6 Steps to “Greening” Your Roof
Re-roofing presents possibly the best opportunity since the house was built to make energy and efficiency improvements. While the roof is off, you can work from the top down, and make a variety of improvements. Consider the following six steps to green your re-roof project:
The average roof is many thousands of pounds of material – the weight of several years’ worth of household trash. No matter what roofing material is being removed, with rare exceptions, it can be recycled. Find out where to recycle at www.shinglerecycling.org - it’s an easy way to make a big difference!
Why not have a home energy audit performed in conjunction with your re-roofing project? A home energy audit is a service where the energy efficiency of a house is evaluated by a person using professional equipment, with the aim to suggest the best ways to improve energy efficiency in heating and cooling the house.Since the time the house was built, this is probably your best chance to make significant energy improvements. When the roof is off, your contractor can work from the top down and improve the attic air barrier, seal around can lights and bath fans, make sure there isn’t wind wash around soffit vents, and check the energy performance of the home generally. It’s not uncommon to save double digit percentages on utilities after an improvement like this. Find qualified auditors at greenhomeguide.com/findapro.
Proper attic ventilation .
Most attics are designed to maintain a temperature as close to the outdoor temperature as possible, with vented areas along the eaves (the underside of the overhangs of the roof, in what is called ‘soffit’), feeding in air, which is then vented along the ridgeline of the roof. This acts to steadily move air through, which keeps things from heating up, and clears out any moist air from the living space that does make it through the into the attic through the air barrier. It can be challenging to provide adequate ventilation, particularly in designs with less ridgeline and in these situations, it can make sense to add an additional powered attic vent -- GAF even offers one that is solar powered. If your attic is conditioned space (i.e. held at the same temperature and humidity as the rest of the home - this is common in a cape, and also occurs with a cathedral ceiling), detailing of the insulation in the attic is extremely important. When the roof is off, this is your last best chance to get these details right and make your home as energy efficient as possible.
Solar ready roof.
Most residential solar installations go on the roof. Why? Putting the solar panels up on the roof gets them out of the way, gives them good sun exposure, and puts them close to utility connections. However, it is very common to find a plumbing vent running right through that perfect southern exposure. So even if you’re not having solar PV or solar thermal put on as part of this re-roof project, think down the road a bit and get your roof ready. The first important thing to do is make sure there is none of that ‘clutter’ running through the ideal southern exposures of your roof – this means rerouting those plumbing vents (or anything else that might be on the roof and in the way) to other parts of the roof. You can also add additional leak barrier – the peel and stick self-sealing membrane material that is used in hi-stress areas of the roof – in the areas where penetrations for utility connections would go, typically just down from the ridge. It may also make sense to add chases - or routes for utility connections - in the attic and into the home, or at least scope out appropriate places for them. You can also install permanent fall protection, typically consisting of heavy duty eye hooks located at or near the ridgeline, that solar installers can hook their safety harnesses to when installing or cleaning the panels. And make sure you tack a drawing showing where you placed extra leak barrier and made other preparations, to the attic wall - so there’s a record on site.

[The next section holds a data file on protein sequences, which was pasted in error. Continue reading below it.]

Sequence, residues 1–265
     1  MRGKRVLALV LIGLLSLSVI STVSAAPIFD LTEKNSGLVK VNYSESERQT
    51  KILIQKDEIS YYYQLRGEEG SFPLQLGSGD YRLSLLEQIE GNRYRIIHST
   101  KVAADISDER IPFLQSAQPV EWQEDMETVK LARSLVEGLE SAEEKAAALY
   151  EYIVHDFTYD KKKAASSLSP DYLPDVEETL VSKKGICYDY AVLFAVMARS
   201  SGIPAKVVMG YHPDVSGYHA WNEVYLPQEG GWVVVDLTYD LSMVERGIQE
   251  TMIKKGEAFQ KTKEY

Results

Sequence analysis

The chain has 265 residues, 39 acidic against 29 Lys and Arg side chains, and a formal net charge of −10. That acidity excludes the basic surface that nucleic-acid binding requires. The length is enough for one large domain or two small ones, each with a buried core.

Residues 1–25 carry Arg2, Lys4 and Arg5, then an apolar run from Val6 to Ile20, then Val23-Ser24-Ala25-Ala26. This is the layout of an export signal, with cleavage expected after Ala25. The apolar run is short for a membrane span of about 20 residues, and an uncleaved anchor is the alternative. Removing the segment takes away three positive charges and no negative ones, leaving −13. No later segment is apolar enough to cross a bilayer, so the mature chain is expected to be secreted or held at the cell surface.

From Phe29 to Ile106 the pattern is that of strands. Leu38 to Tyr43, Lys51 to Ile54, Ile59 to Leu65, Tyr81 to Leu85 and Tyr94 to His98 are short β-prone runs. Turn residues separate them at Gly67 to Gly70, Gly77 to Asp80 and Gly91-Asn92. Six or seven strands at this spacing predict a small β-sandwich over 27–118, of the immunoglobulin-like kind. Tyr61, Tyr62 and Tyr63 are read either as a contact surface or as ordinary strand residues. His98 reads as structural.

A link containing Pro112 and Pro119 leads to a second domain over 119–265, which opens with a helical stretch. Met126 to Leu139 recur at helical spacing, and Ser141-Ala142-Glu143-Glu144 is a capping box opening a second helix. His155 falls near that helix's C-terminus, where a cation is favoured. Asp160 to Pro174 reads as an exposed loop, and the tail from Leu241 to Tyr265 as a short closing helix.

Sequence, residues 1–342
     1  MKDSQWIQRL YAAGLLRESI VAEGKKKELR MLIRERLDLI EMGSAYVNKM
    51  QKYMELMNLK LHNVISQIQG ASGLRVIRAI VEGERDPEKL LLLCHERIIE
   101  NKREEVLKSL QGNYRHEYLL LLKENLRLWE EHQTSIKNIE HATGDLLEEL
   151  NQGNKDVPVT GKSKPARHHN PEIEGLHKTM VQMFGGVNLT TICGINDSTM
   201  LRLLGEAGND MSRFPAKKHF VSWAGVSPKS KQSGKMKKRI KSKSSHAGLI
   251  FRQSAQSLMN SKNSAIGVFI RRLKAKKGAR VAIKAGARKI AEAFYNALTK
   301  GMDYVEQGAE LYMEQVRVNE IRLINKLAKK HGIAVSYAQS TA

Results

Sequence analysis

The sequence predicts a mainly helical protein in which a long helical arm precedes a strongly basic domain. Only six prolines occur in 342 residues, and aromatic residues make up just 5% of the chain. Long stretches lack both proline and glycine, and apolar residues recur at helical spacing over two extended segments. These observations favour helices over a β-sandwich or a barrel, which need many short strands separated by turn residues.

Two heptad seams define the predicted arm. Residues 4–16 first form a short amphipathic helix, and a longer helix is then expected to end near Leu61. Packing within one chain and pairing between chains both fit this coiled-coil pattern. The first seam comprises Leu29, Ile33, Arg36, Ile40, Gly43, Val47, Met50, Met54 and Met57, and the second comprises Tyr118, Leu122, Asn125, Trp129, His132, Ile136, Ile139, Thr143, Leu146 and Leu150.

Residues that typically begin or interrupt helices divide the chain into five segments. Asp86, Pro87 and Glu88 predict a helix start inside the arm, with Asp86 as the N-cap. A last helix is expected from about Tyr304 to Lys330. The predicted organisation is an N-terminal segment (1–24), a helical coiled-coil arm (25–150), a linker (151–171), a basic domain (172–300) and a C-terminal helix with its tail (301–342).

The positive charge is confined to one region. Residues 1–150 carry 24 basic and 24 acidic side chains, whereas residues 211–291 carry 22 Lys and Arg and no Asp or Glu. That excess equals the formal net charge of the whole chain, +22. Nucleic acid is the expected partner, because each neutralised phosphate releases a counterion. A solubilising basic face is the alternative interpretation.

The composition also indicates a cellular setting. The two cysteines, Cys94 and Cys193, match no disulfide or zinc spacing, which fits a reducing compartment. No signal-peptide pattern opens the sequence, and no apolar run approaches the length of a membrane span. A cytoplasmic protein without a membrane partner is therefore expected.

This roofing material preferentially reflects the infrared spectrum – the non-visible, heat-carrying portion of the light spectrum. This means the roof can be an attractive, medium or dark color to the human eye, but still reflect more heat away from your home than conventional roofing. In many parts of the country, for air-conditioned homes (and especially those with A/C ducts that run in the attic) cool roofing will save enough energy to justify the extra expense, and you’ll be doing your part to reduce the urban heat island effect. Learn more about GAF’s Timberline Cool Series shingles and use GAF’s Roof Wizard to see how these shingles will look on your house at www.gaf.com.
Last but not least:
Durable, efficient, properly detailed roofing system. The number one job of the roof is to keep the rest of the home dry. It’s tempting to think you’re just getting new shingles, but the complete system includes a lot of properly performed details. In fact, you might be surprised to learn that shingles are not waterproof. They’re water shedding. It’s the entire roofing system, consisting of leak barrier, flashing, underlayment, and shingles together, that keeps the home dry. The individual elements alone will not do it and that’s why the system is so important. You definitely want to make sure that your roofing contractor is knowledgeable about all of the proper components to a full system – selecting one that is factory-certified is your best way to ensure this. You can find a factory-certified professional at www.gaf.com simply by entering your zip code.
If you follow these six steps for your next re-roof project, you’ll have gone a long way towards greening your home - reducing material impacts, improving energy efficiency, and getting renewable ready.
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